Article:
Afterwards, Ahmed Abd Al-Hafeez, Attorney at Cassation and EOHR’s Vice-President, has discussed the third topic in the workshop entitles “ The role of civil society in deterring the crime of torture” , as he has stressed that civil society is an independent community to a great extent and it’s not liable to direct monitoring of the state. Civil society is distinguished by independence, natural regulation, individual and collective spirit of initiative, voluntary work, enthusiasm to serve public interest, defending the rights of minorities, and though it gives the utmost importance to the individual citizen, it’s not a society characterized by individuality, but it’s a collective society through a network of cooperation amongst a wide range of institutions.

Abd Al- Hafez has further added that with the progress of torture means, the work of civil society and human rights have per contra progressed. Therefore, NGOs should take the initiative to promptly inform the investigation authority about any incident of torture, and to provoke the Attorney General to carry on his legal role to inform immediately in the case of the detention of a defendant or a suspect and to prove that with all possible means, whether through requests or private meetings with members of public prosecution. Also, following up the investigation to prove torture incidents whether through public prosecution or/and forensic is important; to ensure that no security intervention can lead to the shift in investigations.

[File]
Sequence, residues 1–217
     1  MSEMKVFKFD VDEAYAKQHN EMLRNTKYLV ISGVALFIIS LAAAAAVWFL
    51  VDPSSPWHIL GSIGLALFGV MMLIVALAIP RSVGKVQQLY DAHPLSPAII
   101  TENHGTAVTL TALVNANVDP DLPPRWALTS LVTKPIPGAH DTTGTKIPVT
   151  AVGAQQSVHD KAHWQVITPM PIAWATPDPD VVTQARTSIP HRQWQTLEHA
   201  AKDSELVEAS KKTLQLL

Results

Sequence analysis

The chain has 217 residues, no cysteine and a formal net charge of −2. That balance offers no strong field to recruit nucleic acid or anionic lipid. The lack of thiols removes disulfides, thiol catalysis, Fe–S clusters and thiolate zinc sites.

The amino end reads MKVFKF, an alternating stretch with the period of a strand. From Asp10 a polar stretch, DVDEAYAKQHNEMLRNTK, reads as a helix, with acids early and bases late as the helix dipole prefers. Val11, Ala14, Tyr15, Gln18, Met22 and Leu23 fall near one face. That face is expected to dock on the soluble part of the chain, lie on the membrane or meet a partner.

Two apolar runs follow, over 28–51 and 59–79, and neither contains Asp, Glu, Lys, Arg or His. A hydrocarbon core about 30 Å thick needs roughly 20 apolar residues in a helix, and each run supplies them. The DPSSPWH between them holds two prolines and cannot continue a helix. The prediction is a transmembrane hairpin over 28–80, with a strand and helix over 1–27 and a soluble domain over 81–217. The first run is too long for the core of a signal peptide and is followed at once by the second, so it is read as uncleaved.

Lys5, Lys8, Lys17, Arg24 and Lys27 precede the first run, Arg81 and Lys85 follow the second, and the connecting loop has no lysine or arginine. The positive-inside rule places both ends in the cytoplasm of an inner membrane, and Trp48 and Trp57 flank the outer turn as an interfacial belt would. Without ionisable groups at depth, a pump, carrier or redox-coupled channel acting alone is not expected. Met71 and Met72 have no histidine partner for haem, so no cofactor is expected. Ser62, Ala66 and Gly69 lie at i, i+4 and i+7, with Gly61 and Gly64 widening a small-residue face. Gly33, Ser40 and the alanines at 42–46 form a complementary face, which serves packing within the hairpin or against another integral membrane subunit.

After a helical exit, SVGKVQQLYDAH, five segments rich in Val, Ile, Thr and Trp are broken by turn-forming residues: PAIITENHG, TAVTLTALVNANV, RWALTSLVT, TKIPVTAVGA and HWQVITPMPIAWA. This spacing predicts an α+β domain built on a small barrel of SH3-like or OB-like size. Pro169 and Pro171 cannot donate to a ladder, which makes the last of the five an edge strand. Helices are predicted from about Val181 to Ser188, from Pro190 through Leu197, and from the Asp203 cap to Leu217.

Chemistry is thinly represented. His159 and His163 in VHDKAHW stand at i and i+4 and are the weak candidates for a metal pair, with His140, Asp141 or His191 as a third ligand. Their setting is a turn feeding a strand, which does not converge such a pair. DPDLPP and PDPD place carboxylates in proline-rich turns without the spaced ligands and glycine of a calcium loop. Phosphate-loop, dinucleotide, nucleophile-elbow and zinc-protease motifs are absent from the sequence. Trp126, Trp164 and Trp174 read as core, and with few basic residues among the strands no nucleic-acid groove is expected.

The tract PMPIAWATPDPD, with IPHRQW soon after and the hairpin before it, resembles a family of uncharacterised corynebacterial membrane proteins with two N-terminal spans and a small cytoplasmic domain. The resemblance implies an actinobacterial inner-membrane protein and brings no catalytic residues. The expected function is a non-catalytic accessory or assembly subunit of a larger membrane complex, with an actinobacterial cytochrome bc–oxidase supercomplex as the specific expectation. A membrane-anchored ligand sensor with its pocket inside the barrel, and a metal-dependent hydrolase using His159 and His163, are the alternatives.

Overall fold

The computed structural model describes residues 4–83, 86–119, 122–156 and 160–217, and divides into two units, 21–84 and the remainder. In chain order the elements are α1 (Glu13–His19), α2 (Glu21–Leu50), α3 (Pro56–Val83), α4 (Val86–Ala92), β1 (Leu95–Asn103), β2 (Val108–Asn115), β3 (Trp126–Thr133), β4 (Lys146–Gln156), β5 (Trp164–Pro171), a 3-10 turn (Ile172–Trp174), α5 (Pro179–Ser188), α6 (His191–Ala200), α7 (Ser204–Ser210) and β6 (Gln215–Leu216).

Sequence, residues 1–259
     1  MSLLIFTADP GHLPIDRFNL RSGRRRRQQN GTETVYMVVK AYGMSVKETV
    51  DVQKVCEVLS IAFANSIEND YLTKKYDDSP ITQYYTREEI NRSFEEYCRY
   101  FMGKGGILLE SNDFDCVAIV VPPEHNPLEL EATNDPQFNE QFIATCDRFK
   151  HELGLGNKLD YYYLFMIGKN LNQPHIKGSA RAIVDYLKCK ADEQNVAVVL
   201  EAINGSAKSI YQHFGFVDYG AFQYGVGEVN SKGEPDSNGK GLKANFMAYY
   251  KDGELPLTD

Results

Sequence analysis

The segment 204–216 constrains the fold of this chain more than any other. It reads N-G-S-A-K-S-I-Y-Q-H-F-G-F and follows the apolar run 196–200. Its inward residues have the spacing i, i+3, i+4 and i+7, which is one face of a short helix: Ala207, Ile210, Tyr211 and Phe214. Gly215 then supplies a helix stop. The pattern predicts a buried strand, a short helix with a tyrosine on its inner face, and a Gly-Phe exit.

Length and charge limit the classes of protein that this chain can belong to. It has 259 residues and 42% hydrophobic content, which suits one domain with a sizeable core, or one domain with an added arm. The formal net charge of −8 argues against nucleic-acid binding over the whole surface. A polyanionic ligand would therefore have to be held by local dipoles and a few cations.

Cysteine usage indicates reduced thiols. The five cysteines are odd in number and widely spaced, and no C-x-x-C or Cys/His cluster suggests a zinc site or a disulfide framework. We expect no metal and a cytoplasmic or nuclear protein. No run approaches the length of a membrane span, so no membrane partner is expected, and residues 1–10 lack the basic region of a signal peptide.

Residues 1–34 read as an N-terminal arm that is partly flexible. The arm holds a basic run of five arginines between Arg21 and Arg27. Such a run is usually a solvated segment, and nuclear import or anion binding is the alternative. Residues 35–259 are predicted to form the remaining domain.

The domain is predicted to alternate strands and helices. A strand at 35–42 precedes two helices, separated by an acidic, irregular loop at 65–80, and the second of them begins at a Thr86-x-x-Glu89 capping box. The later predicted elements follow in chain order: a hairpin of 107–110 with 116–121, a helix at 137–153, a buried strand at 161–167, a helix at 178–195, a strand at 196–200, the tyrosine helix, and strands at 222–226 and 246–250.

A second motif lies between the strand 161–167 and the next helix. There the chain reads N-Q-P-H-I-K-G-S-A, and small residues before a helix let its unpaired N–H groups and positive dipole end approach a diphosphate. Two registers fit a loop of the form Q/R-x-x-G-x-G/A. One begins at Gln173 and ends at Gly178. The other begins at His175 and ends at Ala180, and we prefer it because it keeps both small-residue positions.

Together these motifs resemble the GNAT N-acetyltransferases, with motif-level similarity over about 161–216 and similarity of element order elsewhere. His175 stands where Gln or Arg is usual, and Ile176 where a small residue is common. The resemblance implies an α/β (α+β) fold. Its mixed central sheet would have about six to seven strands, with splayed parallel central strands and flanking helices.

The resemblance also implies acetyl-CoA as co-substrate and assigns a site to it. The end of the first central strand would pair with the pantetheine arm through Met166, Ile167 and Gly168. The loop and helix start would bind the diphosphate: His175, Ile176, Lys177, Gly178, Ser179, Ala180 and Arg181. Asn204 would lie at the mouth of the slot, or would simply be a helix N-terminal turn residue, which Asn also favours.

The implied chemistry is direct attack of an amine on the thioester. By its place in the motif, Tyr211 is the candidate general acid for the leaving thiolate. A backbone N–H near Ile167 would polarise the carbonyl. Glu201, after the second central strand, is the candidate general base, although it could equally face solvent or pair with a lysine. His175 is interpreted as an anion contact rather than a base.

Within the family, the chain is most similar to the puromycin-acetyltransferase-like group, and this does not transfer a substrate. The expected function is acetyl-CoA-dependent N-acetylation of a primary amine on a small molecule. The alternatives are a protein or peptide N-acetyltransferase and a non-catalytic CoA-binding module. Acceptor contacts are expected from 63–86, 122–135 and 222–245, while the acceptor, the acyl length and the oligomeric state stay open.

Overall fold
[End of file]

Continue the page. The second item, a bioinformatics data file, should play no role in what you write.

ABd Al Hafeez has proposed some mechanisms to strengthen the role of civil society in combating the crime of torture through monitoring the commitment of the Egyptian Government with human rights agreements that monitor and guarantee the commitment of the authorities with the execution of their international obligations of human rights, this is achieved through field monitoring of human rights violations by international committees, as well as preparing periodical reports a about the situation of human rights in the member states that have ratified international human rights agreements. This is applicable also in Egypt; as monitoring committees issue periodical reports about the situation of human rights in Egypt and submit these reports to the specialized committees within the UN, as these reports detect reality and it’s in contract with the often false repots presented by the Egyptian Government to the UN.

Moreover, Abd Al Hafeez has discussed the second mechanism, that is media campaigns. Media campaigns aim at mobilizing the national and international public opinion, and raise the awareness of the dangerous and negative effects of the crime of torture and the usage of violence against citizens. This mechanism is a kind of a peaceful form of pressure on authorities in order to stop those violations, and these campaigns can be used in a certain case to support a certain official or person in order to face the authorities and those who tortured him to retain his right and regain his dignity.

Finally, Tarek Zaghlol, Executive Director of EOHR, has distributed the certificated on the workshop participants, and he has stressed that journalists and lawyers are the defenders of human rights that are compatible with international agreements and conventions, therefore they must know how to deal with and face the crime of torture in order to defend the victims.